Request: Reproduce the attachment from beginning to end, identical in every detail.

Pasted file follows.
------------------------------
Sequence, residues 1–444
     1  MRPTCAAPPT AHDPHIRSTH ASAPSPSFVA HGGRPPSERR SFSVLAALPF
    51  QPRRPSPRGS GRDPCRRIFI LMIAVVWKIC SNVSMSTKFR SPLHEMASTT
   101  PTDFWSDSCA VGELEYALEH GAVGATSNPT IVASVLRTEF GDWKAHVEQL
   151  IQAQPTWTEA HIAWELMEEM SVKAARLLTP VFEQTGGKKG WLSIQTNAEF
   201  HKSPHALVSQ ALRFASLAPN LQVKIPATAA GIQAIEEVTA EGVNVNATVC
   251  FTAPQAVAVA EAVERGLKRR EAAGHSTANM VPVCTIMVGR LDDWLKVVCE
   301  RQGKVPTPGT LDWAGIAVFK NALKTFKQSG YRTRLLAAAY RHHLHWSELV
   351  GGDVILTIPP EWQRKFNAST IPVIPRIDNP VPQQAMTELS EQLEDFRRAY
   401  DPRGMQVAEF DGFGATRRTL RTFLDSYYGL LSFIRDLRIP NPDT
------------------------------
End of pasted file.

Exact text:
Sequence, residues 1–444
     1  MRPTCAAPPT AHDPHIRSTH ASAPSPSFVA HGGRPPSERR SFSVLAALPF
    51  QPRRPSPRGS GRDPCRRIFI LMIAVVWKIC SNVSMSTKFR SPLHEMASTT
   101  PTDFWSDSCA VGELEYALEH GAVGATSNPT IVASVLRTEF GDWKAHVEQL
   151  IQAQPTWTEA HIAWELMEEM SVKAARLLTP VFEQTGGKKG WLSIQTNAEF
   201  HKSPHALVSQ ALRFASLAPN LQVKIPATAA GIQAIEEVTA EGVNVNATVC
   251  FTAPQAVAVA EAVERGLKRR EAAGHSTANM VPVCTIMVGR LDDWLKVVCE
   301  RQGKVPTPGT LDWAGIAVFK NALKTFKQSG YRTRLLAAAY RHHLHWSELV
   351  GGDVILTIPP EWQRKFNAST IPVIPRIDNP VPQQAMTELS EQLEDFRRAY
   401  DPRGMQVAEF DGFGATRRTL RTFLDSYYGL LSFIRDLRIP NPDT